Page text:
Filing a motion for protective order on collateral sources

  Photo:  Two broken statues in a museum in Olympia Greece.  They could have used a protective order.

Photo:  Two broken statues in a museum in Olympia Greece.  They could have used a protective order.

Defense attorneys go to legal seminars too.    One technique they have been learning is how to take advantage of liberal discovery rules.  Increasingly we find them invading where they have no business being.

We can passively let them dig unnecessary holes in our clients' lives.  Or we can push back when they cross lines.

Here is the sequence of what happens:

  1. Defense issues obnoxious discovery request seeking something that is none of their business.
  2. Plaintiff lawyer (hopefully) says - we are not going to answer that.
  3. Defense lawyer calls for a discovery conference as a prelude to bringing a motion.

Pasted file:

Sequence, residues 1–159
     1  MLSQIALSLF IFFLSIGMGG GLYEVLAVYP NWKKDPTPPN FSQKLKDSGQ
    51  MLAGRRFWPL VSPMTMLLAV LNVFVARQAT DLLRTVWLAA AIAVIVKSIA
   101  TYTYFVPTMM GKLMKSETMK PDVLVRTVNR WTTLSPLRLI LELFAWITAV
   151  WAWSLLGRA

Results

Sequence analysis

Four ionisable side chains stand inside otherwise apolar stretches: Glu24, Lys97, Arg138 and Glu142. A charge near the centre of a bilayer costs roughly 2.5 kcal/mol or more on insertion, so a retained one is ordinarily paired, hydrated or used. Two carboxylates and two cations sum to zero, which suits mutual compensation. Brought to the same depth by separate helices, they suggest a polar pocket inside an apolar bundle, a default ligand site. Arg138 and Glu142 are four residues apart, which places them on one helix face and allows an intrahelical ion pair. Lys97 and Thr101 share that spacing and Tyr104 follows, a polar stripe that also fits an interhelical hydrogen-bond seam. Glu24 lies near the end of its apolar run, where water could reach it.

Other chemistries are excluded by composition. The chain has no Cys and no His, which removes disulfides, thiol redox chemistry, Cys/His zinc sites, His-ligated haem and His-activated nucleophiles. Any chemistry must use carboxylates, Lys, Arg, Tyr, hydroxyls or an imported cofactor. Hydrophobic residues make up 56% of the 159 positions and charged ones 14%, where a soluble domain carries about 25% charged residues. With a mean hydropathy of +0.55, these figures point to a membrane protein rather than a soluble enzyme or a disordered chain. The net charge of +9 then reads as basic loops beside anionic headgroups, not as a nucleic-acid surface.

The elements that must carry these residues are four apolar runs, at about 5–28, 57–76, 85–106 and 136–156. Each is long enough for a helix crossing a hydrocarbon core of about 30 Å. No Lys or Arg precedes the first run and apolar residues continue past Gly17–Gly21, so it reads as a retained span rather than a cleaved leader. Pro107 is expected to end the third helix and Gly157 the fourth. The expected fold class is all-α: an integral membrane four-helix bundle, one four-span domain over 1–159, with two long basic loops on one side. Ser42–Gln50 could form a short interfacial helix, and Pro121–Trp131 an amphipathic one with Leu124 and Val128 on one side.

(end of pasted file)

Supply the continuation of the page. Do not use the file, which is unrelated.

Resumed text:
4. Defense lawyer files a motion to compel.
  5. Plaintiff lawyer responds.
  6. Defense files reply brief.
  7. Court rules on the motion

One  of the best strategies of how to engage in litigation warfare as a plaintiff attorney is this:  prosecute the case.  This means do everything you can not to be on the defensive.  The sequence above shows the plaintiff defending the discovery issue.  This can be switched around.  File a motion for protective order instead of waiting for the defense to file a motion to compel.  By being proactive, plaintiff gets to frame the issue for the court.  And better yet - gets to file a reply brief.  There's some joy (not to mention technical advantage) in being able to have the last word.

Attached is a motion for protective order filed in an underinsured motorist lawsuit where the car insurer tried to get the disability insurance files of the plaintiff.  Mtn for Protective Ordersample.